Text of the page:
The Tuesday November 26 Halifax Board of Selectmen meeting began with the Board hearing a complaint by a town employee against one of the selectmen. Chair Troy Garron suggested moving to executive session but Gordon Andrews asked to remain in open session. Former Planning Board secretary Terri Renaud said that Andrews had accused her both in email and in public meetings of destroying documents.
The documents in question are the April 10 site plan for Amanda’s Estates. Andrews said he made a public records request in February or March and was told the documents were available. According to Andrews, however, when he went to the Planning Board he was told the only available plans were the approved ones from September. Andrews said that he explained that the minutes showed that the records should exist and claims that Renaud told him that older plans are destroyed once newer ones are approved. Andrews said that he told Renaud that plans that were displayed during a public meeting cannot be destroyed and must be kept as part of the public record. Renaud said she had no recollection of saying that she got rid of previous plans when newer ones become available.
Renaud brought her direct supervisor, Building Inspector Robert Piccirilli, as well as her colleague, current Regulatory Board secretary Arlanna Snow to testify on her behalf. Snow said that she did not want to make a statement but would answer any questions directed to her. Piccirilli said that he recalled seeing emails in which Andrews asked Renaud to sign something acknowledging that the records were lost. Piccirilli further said that at some point the accusation escalated from the files being missing to the files being destroyed.
Andrews was able to secure a copy of the plans from the town clerk’s office. Andrews said that when he reviewed the signed plans from the Planning Board from September 14, there were post-it notes on the plans. Andrews expressed concern that the missing Planning Board plans from April would have had similar notations on them.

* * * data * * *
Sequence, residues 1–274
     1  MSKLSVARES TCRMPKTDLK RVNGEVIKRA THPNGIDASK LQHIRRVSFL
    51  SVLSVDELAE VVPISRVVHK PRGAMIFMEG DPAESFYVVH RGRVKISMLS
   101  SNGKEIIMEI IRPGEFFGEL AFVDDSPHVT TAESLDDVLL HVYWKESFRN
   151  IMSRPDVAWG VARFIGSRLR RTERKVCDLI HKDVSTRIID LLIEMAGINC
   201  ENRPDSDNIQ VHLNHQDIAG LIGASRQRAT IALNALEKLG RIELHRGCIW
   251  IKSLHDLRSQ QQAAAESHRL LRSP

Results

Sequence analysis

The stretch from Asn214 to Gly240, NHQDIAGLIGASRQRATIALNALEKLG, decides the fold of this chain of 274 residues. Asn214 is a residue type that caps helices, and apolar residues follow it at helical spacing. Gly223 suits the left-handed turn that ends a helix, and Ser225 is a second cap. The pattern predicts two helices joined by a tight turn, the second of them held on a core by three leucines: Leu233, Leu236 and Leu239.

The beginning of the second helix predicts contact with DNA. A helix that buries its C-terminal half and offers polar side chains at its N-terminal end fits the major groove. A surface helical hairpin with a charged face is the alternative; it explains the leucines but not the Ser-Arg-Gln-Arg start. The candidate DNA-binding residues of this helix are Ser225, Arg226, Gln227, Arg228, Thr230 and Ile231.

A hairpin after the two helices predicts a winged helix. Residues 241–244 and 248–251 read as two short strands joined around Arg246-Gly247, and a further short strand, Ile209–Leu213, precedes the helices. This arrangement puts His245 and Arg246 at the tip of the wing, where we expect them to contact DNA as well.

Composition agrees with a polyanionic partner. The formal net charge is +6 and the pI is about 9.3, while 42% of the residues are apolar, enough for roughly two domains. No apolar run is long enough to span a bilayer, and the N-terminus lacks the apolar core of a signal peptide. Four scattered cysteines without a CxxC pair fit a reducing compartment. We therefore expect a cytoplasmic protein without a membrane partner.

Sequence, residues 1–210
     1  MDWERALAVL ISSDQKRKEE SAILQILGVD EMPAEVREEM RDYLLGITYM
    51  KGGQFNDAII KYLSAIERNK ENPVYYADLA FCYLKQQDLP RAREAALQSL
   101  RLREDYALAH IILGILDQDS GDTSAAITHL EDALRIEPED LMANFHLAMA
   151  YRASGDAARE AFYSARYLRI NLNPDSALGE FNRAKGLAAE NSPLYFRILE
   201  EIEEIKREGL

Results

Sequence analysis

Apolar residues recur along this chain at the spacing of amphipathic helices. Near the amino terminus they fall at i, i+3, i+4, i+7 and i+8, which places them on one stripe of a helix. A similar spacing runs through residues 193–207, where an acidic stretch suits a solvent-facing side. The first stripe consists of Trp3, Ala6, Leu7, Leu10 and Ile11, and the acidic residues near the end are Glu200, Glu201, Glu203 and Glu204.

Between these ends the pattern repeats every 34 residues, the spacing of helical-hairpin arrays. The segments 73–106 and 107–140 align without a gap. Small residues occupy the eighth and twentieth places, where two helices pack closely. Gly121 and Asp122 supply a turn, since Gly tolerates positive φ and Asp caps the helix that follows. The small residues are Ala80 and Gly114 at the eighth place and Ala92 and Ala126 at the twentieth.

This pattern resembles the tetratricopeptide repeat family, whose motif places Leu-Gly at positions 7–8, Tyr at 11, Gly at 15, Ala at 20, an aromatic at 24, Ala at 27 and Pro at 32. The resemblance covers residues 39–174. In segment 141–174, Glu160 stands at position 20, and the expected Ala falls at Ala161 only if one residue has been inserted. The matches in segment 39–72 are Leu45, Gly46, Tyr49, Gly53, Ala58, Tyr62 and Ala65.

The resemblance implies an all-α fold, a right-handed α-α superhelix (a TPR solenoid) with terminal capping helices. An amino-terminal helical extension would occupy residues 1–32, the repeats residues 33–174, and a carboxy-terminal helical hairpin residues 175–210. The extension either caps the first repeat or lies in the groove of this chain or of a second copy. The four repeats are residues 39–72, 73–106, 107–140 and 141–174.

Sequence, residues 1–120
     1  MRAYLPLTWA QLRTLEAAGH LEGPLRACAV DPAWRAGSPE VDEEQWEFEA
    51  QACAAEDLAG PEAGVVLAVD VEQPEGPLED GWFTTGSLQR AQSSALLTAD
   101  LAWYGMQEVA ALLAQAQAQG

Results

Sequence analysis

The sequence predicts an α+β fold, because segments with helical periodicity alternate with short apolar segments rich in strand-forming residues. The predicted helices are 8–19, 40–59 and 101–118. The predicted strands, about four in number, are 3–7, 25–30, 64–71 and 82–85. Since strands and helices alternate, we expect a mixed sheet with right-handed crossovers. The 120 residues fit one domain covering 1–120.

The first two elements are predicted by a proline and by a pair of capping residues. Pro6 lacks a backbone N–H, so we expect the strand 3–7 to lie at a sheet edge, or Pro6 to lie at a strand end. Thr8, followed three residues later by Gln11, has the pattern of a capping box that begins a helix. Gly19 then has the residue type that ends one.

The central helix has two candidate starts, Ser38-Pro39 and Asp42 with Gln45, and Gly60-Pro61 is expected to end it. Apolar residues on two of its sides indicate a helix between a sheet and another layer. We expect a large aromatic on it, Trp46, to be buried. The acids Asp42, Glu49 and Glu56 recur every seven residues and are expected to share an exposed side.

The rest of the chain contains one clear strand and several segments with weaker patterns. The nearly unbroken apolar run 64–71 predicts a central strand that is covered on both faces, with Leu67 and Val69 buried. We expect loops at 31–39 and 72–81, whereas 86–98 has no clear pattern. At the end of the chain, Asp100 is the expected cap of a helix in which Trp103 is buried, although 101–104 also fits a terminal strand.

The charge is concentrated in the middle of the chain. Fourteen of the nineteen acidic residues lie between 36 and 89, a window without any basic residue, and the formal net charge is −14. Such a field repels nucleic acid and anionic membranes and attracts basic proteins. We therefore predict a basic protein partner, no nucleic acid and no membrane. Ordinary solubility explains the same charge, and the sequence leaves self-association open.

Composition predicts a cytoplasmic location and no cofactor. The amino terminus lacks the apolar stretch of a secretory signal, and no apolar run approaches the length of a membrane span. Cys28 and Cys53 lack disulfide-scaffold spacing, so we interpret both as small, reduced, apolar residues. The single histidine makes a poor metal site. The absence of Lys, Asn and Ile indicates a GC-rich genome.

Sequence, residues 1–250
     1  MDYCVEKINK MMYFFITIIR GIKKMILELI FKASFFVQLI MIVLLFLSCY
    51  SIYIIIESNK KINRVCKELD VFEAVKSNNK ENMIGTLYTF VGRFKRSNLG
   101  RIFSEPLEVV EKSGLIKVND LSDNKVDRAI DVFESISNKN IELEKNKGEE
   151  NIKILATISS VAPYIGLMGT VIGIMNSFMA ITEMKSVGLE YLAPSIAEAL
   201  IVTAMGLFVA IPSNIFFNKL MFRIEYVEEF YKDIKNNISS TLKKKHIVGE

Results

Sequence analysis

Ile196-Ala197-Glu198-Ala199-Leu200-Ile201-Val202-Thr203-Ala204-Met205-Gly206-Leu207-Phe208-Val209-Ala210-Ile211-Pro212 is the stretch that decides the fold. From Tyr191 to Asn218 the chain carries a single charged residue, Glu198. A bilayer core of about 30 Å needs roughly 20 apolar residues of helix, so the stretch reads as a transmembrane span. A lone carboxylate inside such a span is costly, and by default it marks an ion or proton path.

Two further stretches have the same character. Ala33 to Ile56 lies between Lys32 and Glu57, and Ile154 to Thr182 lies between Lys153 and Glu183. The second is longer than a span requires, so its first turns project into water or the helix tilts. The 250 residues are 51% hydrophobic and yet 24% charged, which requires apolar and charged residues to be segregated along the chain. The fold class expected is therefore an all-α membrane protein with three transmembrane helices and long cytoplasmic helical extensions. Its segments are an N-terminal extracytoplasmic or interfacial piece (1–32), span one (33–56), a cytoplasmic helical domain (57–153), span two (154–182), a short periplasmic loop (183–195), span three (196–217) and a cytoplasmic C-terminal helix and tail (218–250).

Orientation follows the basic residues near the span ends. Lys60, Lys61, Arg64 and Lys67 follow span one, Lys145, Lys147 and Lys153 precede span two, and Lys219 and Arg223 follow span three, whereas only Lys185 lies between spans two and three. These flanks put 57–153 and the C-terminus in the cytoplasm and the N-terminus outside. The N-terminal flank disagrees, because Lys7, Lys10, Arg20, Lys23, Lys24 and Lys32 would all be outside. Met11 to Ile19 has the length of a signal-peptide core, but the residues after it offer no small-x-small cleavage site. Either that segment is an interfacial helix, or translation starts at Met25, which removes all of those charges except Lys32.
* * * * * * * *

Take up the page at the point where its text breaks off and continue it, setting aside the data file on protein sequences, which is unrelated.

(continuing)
Selectmen Chair Troy Garron asked Andrews what motivated him to ask for the plans. Andrews then recused himself and sat with the public before stating, “I asked for a copy of the plans because of the lawsuit I have against the town which prove that the original plans that came in, which Charlie’s memo discusses, shows everything on one lot.”
Selectman Tom Millias asked Andrews if his accusations were malicious to which Andrews replied, “Was it malicious? I don’t think so, I think it was declaring the facts. She told me that she gets rid of plans when new ones come in. I told her you can’t get rid of plans, it’s a violation of public records.”
Millias asked Renaud if there were various people going through the folder containing the document in question due to the litigation involved. Renaud acknowledged that there was and pointed out that the door to the office is open during the day. Millias said, “so literally anyone could have misplaced them, misfiled them, taken them.”
Garron asked Renaud what her expectation was to which she answered, “I wanted to state my case. Something was said against me and I just wanted it to be brought forward and prove my innocence that I did not do this.” Garron said, “It’s a difficult situation. We have two town employees who represent the town and to my knowledge who have done good work … my feeling right now is to take no action on it because there is no right or wrong in this particular situation at least from my standpoint.” Millias agreed saying, “I don’t think we can come to any conclusion here. I don’t see an action being taken other than airing it out.”
Renaud said she was satisfied with the opportunity she was given to speak her mind. Andrews asked that the process for viewing public documents be reviewed suggesting possibly signing out documents.
Seelig said that Fuller Street resident Melissa Sheridan had requested that stop signs be placed in the intersection near Fuller, Cedar, and Wood streets. Sheridan said that she had seen several accidents at the intersection during her time living there. The Police Chief and Highway Surveyor were also in agreement that stop signs were needed. The Board approved the installation of two stop signs in this area.